Do you know what you will do if you get sick or injured?
Dr. Wang is available for virtual appointments by phone, by email, and by video, so you can limit your exposure to other sick patients. Virtual appointments are available via online scheduling 24/7 for your convenience. Unlimited virtual urgent care visits are also included with Wellness Memberships.
Dr. Wang’s Coronavirus, COVID-19 Videos
Patient FAQ: Who can I call if I get sick?
Consider what you would do in the event you get sick with respiratory symptoms right now. Are you able to call your doctor? How responsive are they? How well do they know you and your individual body?
Going to a hospital or urgent care office could expose an otherwise mildly ill individual to other viruses including the coronavirus, depending on the facility.
Rest assured that you can call the office for virtual appointments, for established and non-established patients. For those of you with Wellness Memberships, these telemedicine services (call, text, virtual, urgent care) are all included in your plan. Contact our office today.
Patient FAQ: I have a cough but no fever. Should I get tested for COVID-19?
Contact your doctor. Use virtual services if at all possible so you can stay home in case you are infected, so you do not spread the virus to other individuals. If you have no known risk factors (older adult, heart disease, diabetes, lung disease) and are not short of breath, going to the Emergency Room may expose you to other viruses than if you were to stay home and be advised by your physician or Dr. Wang.
The best thing for someone with mild symptoms of a virus and is otherwise feeling fine with no shortness breath and no risk factors is to self isolate for a minimum 14 days, possibly up to 20 days.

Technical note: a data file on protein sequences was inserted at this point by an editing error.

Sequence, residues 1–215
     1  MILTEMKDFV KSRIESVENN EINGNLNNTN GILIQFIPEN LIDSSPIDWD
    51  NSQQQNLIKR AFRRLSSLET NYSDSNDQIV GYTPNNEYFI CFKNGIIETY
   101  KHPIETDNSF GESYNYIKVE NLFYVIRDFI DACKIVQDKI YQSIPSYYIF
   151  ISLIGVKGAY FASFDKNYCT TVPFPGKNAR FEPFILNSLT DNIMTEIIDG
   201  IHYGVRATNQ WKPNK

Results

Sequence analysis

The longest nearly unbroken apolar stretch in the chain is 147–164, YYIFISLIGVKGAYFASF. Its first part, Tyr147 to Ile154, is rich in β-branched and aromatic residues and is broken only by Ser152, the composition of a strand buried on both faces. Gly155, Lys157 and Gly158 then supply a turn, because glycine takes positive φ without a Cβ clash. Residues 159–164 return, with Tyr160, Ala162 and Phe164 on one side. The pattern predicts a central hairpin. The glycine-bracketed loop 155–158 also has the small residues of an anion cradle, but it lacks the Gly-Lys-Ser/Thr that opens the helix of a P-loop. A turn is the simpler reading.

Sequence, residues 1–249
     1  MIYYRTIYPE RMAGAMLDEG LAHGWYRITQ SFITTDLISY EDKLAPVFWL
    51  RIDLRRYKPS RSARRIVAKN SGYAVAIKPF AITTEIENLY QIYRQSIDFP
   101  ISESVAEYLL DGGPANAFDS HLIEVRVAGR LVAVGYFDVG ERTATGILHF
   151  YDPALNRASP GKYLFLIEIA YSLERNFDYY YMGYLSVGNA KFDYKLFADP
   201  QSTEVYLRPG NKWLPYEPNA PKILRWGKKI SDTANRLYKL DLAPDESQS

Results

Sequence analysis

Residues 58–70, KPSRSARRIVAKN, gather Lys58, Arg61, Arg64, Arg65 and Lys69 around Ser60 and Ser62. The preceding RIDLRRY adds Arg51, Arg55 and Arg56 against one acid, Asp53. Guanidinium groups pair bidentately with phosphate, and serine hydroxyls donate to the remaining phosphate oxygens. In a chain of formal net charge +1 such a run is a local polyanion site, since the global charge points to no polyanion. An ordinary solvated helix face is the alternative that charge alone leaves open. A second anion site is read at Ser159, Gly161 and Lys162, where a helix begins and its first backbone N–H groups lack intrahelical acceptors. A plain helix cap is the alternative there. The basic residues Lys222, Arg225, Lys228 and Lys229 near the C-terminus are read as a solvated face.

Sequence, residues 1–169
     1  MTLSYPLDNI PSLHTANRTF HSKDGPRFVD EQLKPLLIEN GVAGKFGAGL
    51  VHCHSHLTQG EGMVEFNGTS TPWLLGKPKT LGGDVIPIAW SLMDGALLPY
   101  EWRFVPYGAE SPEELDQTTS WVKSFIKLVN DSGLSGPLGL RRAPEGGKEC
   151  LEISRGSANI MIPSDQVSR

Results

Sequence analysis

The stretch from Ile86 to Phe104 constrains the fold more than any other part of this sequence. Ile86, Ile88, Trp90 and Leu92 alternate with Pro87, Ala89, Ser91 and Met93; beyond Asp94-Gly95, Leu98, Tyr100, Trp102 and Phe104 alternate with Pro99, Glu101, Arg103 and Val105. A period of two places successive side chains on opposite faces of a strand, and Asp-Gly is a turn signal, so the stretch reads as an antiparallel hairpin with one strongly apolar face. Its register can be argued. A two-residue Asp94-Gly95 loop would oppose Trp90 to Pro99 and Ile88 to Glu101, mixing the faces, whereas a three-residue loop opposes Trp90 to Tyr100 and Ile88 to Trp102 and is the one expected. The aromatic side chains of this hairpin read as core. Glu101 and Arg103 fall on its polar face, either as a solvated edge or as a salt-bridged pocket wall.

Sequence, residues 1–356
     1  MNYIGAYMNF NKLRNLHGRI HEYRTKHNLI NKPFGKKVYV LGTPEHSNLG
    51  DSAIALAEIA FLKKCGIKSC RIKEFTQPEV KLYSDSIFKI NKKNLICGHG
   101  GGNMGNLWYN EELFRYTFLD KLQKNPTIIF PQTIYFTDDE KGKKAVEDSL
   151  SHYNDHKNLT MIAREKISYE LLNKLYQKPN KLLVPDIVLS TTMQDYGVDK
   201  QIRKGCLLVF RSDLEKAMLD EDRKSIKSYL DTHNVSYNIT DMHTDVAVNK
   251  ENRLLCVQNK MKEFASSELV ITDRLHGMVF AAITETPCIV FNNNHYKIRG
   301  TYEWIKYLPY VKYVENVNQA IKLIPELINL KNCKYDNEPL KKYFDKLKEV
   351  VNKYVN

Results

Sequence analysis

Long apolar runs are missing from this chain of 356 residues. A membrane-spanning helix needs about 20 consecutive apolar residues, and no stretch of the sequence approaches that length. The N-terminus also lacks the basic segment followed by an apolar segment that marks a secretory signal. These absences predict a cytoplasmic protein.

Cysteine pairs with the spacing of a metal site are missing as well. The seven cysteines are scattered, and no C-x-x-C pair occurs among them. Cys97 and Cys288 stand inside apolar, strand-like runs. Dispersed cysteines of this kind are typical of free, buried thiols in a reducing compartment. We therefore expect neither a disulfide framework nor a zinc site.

More info from CNN: Is it allergies, the flu, or COVID-19?
Patient FAQ: Should I continue to send my child to school, meetings, practice, etc.?
Update 3/17/2020: The White House is asking for citizens to stay home and avoid any discretionary travel.
Original response: “Should I stay or should I go” is always tricky because it depends on so many factors dependent on the individual and surrounding people:
- Current health
- Hygiene habits: how good are they about washing, not touching stuff, putting hands on face
- Health of others there: are they likely to attend even if they are a little sick?
- Hygiene of others: what if they don’t have great hygiene?
- Hygiene of the facility: how often do they disinfect?
- Who you are in contact with and their health: if you are in frequent contact with someone with a weakened immune system?
- Emotionally tolerance: How will it affect you if someone gets sick?
Ultimately this is a personal choice, and not one I can give a straight answer to. More about the CDC’s recommendations here.